On Thursday, dozens of laws passed in this year’s legislative session will become active. One of those laws limits the amount of pseudoephedrine a person can buy from a pharmacy. Pseudoephedrine, or PSE, is used in many cold and allergy medicines. It’s also a key part of meth production.
The new law limits adults to seven point two grams a month, which is roughly the equivalent of a box, before requiring a prescription.
But for people like Pat Davis, the new limits are a problem. Davis lives in Northern Kentucky, and has several children with asthma and chronic allergies.
“And this law is going to place an additional burden in terms of time and finances on me and I imagine most Kentucky families,” she says.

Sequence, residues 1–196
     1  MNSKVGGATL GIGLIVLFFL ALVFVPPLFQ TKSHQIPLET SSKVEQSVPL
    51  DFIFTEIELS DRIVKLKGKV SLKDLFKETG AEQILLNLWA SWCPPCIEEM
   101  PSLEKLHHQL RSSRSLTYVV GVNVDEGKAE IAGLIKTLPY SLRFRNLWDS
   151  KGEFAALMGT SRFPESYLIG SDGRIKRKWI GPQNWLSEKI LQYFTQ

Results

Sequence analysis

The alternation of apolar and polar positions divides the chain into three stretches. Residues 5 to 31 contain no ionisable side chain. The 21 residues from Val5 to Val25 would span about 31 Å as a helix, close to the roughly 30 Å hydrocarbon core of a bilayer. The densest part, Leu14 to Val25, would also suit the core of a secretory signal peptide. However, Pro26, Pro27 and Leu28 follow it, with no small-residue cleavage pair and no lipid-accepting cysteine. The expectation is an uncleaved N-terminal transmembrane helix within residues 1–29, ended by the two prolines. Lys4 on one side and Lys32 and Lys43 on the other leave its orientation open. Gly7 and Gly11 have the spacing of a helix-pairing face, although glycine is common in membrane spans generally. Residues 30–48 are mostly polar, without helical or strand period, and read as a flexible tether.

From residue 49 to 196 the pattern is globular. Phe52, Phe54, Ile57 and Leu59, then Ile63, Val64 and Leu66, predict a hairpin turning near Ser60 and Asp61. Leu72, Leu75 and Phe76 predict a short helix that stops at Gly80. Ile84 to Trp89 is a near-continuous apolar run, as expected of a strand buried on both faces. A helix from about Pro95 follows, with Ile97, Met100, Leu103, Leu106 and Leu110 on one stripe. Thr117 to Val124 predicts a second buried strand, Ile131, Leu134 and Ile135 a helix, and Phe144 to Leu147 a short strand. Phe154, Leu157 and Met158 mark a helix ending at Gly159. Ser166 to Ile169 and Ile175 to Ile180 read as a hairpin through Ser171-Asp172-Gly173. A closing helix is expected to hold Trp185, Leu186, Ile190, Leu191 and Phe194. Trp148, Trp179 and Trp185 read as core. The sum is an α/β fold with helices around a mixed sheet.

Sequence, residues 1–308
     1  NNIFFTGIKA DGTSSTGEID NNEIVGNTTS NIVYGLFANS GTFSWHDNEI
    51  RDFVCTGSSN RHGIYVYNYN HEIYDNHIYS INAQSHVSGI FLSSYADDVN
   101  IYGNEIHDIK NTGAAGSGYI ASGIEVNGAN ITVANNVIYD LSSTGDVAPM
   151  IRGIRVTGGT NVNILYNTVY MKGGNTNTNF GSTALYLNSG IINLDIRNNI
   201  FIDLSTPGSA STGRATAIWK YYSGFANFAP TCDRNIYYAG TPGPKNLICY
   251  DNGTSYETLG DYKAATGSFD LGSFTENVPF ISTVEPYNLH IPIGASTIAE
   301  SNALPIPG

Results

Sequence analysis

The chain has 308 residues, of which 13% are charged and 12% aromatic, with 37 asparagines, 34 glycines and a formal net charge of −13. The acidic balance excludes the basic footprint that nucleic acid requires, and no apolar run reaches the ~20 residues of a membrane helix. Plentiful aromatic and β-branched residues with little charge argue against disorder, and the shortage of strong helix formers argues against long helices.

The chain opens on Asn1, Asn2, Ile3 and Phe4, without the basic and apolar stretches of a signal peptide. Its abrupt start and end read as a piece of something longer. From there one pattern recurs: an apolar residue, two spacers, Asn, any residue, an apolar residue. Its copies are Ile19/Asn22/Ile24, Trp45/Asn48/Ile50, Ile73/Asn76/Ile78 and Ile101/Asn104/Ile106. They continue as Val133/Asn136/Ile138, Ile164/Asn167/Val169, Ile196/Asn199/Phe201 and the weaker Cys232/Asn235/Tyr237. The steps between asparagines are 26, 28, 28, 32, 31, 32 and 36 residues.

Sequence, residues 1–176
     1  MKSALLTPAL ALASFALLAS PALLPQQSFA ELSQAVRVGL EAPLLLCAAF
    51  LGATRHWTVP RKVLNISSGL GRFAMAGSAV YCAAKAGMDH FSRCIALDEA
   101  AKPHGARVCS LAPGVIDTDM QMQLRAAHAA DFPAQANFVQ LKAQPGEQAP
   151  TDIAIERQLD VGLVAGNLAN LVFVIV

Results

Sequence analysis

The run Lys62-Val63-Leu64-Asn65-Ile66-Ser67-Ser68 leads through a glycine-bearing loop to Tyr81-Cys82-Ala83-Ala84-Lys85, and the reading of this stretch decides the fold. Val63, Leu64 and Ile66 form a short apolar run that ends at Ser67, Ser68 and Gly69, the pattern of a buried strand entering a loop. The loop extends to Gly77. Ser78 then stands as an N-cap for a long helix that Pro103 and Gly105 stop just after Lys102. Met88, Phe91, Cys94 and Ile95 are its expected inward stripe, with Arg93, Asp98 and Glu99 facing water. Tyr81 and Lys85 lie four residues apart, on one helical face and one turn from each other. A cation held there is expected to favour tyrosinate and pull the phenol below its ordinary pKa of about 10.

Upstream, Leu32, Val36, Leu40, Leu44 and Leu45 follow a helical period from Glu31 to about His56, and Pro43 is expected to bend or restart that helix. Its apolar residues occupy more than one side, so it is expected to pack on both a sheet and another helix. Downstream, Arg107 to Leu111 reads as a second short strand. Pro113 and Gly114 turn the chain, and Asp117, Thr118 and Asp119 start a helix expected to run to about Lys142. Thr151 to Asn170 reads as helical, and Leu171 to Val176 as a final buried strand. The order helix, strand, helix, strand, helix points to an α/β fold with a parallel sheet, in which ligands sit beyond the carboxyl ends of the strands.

The law was hotly debated during the session and Davis and others fought against the bill. Most of Davis’ family suffers from asthma or chronic allergies. They use pseudoephedrine products to curb those symptoms.
Pharmacists, however, point out that there are numerous over-the-counter allergy drugs still available that do not contain pseudoephedrine. One of them, Travis Hudnall of Ely Drugs in Glasgow, told WKU Public Radio earlier this year that those non-pseudoephedrine medications are actually the best remedy for allergies in this region.
Lawmakers originally wanted to make pseudoephedrine only available by prescription, but couldn’t get enough votes to pass that version of the bill.